Torness shares its design with Heysham 2 nuclear power station. The station was designed by NNC, a company created from the gradual amalgamation of five consortia that were formed in the 1950s and 1960s to build the UK's commercial nuclear power stations. NNC is now AMEC Nuclear UK Ltd.

The graphite-moderated, gas-cooled design was proven at the WAGR – the Windscale experimental AGR facility and is a significant evolution of the Magnox reactor designs.

The entire UK commercial reactor programme shares a common heritage with, and was built on operating experience gained from the early PIPPA reactors at Calder Hall and Chapelcross and prior to that, the Windscale piles.

Operating experience and incidents[edit]

Details of incidents are published on the web site of the Health and Safety Executive in its quarterly statements of nuclear incidents at nuclear installations (see and quarterly inspection reports for each nuclear licensed site. These include:

Shutdown after sea-water intake blockage by jellyfish – June 2011[edit]

On 28 June 2011[6] both reactors were manually shut down due to reduced flow of sea water at intakes by a large mass of jellyfish. The shutdown was a conservative decision.[7]

Shutdown after drumscreen blockage by seaweed – August 2006[edit]

Complete blockage by seaweed of the main cooling water intake drum-screens is an initiating event considered in the Station Safety Report (SSR). The event resulted in supplies of main cooling water being lost for a period. As a consequence, water supplies to the reactor seawater (RSW) system, which provides a safety role, were lost for a time on one reactor and restricted on the other. The station responded to the event by shutting down both reactors within 70 minutes of receiving the first indication of impaired main cooling water flow and provided adequate post trip cooling.[8]

Unplanned power excursion – December 2005[edit]

An unplanned power increase on Reactor 2 at Torness during the night shift of 30 December 2005. Operators responded to the event by taking corrective action to restore normal core reactivity levels. Station and Company investigations identified that improvement to the training of operators covering reactivity fundamentals is appropriate.[9]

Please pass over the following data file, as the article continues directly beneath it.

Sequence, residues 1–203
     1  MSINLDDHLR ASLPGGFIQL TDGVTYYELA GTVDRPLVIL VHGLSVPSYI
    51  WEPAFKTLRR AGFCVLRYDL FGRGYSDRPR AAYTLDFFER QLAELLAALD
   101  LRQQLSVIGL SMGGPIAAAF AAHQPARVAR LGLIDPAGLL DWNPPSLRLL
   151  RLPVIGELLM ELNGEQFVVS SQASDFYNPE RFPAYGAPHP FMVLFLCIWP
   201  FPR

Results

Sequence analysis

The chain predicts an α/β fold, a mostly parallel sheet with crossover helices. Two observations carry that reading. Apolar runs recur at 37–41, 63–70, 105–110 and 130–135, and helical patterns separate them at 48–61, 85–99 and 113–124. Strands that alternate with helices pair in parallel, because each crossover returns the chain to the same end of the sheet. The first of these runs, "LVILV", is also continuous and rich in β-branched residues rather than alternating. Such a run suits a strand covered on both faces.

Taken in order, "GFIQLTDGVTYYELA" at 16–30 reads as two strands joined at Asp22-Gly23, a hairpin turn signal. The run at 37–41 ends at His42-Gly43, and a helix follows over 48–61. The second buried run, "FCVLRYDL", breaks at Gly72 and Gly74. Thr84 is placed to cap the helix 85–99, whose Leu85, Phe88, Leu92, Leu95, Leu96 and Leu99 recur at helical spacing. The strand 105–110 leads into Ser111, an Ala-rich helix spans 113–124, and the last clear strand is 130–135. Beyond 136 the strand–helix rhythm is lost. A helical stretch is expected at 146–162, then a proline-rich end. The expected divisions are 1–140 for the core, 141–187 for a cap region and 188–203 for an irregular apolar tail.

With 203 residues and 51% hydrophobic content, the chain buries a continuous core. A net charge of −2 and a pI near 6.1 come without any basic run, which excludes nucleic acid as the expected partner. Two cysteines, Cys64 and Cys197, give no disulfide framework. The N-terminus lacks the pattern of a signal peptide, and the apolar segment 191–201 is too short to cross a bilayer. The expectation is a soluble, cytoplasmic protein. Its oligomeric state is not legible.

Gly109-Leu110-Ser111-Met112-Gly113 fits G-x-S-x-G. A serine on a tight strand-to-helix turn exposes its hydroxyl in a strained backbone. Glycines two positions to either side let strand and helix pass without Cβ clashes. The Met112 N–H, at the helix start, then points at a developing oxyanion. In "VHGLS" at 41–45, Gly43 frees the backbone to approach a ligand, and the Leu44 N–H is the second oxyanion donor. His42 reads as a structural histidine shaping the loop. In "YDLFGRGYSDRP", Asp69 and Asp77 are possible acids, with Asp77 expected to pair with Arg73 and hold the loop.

Failure of a gas circulator – May 2002[edit]

This was thought, from forensic evidence, to be linked to the development of an unexpected fatigue-related crack in part of the impeller. In August, another gas circulator on the other Torness reactor showed signs of increasing vibration and was promptly shut down by the operators. Its subsequent disassembly revealed a fully developed fatigue related crack in a similar position to the first failure, but the prompt shutdown had prevented consequential damage.[10]

Crash of an RAF Tornado near the site - November 1999[edit]

In November 1999 an RAF Panavia Tornado crashed into the North Sea less than 1 km from the power station following an engine failure. The UK Ministry of Defence commended the two crew members for demonstrating "exceptional levels of airmanship and awareness in the most adverse of conditions", because they ensured that the Tornado was clear of the power station before abandoning the aircraft.[11]

See also[edit]


External links[edit]